National Newswatch
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Quick wins for Canada’s chief science advisor

Mar 23 2017 — — While Ottawa’s chief science advisor has yet to be named, the biggest question isn’t so much who will be named to the role, but what that person will do with the job. Much of the impetus for the position’s appearance in the 2015 Liberal campaign platform was to reverse the Harper government’s crackdown on federal […]

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Linking the classroom and the workplace

Mar 22 2017 — — We are living in rapidly changing times. The pace of innovation, disruptive new technologies and rising global competition for talent mean that today’s graduates are entering a labour market dramatically different from the one that awaited previous generations of Canadians. With career trajectories less linear, and jobs requiring a very different mix of skills, Canada […]

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The nonprofit sector as a champion for decent work

Mar 21 2017 — — There is no shortage of evidence that Canadian workplaces — and our workforce — are undergoing a major transformation. Precarious work is on the rise, while pensions and benefits are disappearing. There are also ongoing demographic shifts: the impending baby boom retirement, the rising prominence of millennials in the workforce, high youth under/unemployment and the […]

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Exploring Security Cooperation Between Canada and Australia

Mar 17 2017 — — It’s often tempting for analysts to note a broad alignment of interests and values between countries and decide that there’d be value in them “doing more together.” Australia and Canada are two countries with much in common. Both have relatively small populations in large land areas, and both have economies that depend in no small […]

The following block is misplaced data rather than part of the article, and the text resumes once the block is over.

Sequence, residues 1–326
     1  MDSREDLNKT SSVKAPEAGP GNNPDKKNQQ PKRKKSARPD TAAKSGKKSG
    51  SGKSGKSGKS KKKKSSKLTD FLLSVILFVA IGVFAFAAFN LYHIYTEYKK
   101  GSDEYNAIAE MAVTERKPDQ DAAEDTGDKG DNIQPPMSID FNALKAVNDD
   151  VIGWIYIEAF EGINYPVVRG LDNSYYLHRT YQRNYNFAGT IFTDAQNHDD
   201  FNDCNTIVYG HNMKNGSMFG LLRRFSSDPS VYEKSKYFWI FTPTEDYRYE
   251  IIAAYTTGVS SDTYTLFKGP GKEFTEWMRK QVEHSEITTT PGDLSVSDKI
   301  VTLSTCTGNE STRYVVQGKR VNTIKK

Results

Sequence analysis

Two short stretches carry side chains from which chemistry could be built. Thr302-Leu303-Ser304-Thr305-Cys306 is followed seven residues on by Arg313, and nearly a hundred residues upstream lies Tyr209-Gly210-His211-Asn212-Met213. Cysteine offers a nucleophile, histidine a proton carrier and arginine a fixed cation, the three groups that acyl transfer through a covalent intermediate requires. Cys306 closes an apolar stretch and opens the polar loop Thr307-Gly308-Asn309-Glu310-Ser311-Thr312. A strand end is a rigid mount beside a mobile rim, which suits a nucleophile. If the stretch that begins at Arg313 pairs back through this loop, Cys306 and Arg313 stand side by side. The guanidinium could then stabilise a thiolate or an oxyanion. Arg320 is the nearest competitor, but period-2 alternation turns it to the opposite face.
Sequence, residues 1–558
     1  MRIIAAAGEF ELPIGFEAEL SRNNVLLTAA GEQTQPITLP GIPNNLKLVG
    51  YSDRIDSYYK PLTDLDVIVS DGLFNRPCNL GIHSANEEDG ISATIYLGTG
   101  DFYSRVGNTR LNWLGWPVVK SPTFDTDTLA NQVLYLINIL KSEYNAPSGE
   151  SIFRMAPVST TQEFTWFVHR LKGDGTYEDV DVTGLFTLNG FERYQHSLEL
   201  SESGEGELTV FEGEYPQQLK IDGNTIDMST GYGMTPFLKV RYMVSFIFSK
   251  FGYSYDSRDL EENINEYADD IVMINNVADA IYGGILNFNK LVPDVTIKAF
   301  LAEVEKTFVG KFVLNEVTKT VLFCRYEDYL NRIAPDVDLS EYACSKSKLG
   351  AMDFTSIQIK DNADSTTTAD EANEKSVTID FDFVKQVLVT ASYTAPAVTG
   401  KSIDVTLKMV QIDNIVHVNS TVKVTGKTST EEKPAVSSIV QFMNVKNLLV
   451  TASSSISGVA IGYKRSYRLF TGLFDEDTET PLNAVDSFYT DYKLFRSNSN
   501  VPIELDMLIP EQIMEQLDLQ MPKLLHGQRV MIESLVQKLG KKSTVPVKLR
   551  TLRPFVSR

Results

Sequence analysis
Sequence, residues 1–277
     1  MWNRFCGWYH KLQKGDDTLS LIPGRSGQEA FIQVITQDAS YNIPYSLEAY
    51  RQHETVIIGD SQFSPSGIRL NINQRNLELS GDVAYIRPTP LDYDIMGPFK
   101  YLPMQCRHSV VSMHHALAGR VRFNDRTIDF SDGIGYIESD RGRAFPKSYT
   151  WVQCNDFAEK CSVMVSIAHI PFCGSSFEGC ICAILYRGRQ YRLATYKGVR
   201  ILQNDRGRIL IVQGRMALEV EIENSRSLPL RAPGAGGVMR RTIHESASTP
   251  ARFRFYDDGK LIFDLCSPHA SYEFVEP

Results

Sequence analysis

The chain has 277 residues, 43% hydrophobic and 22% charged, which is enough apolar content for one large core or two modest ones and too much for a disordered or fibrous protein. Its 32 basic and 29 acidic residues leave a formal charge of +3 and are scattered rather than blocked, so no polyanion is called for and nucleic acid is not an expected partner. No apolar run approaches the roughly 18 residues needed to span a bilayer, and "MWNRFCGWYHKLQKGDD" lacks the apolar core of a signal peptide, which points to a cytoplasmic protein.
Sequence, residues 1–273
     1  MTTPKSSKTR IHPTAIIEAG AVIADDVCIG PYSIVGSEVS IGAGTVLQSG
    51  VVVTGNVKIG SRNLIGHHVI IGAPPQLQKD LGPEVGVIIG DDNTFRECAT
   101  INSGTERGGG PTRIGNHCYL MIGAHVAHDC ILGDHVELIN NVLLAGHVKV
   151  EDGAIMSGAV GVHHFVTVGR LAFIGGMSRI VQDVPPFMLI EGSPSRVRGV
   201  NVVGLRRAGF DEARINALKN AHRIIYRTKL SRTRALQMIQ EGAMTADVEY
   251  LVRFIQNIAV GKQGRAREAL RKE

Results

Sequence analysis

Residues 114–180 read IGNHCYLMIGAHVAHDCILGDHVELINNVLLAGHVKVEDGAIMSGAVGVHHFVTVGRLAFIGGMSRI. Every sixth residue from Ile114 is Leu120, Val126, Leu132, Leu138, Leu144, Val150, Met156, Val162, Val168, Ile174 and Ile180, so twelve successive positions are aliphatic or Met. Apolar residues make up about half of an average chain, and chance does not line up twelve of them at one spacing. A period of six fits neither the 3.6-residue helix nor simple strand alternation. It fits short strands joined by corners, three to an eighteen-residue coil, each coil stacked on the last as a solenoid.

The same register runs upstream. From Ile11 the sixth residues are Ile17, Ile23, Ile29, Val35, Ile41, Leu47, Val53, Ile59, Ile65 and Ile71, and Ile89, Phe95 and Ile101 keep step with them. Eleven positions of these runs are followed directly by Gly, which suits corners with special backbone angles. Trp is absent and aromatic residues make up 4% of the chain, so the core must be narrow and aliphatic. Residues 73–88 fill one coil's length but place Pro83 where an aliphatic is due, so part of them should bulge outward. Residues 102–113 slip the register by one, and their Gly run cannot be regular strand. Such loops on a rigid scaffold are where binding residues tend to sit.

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Playing Russian Roulette on a Powder Keg

Mar 17 2017 — Franz Paul Helms — Following the conditions of a loan-agreement with the International Monetary Fund (IMF), the Central Bank of Egypt floated1 its national currency, which resulted in skyrocketing consumer price inflation. However, this creates further tensions for  an already combustible mixture of social and political tension. Since 2003, the Egyptian pound has been pegged to the US dollar, […]

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Syria’s Public Health Plight: A Long-Term Threat Multiplier

Mar 17 2017 — Aminata Kone — Years of destruction brought upon industrial infrastructure in Syria are likely to have consequences beyond the economic cost of reconstruction. Attacks on water and oil facilities in particular present both direct and indirect risks for the public health of Syrians. These risks may prove to outlast the conflict itself, and thus constitute important threat multipliers […]

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The policy disconnect on the labour market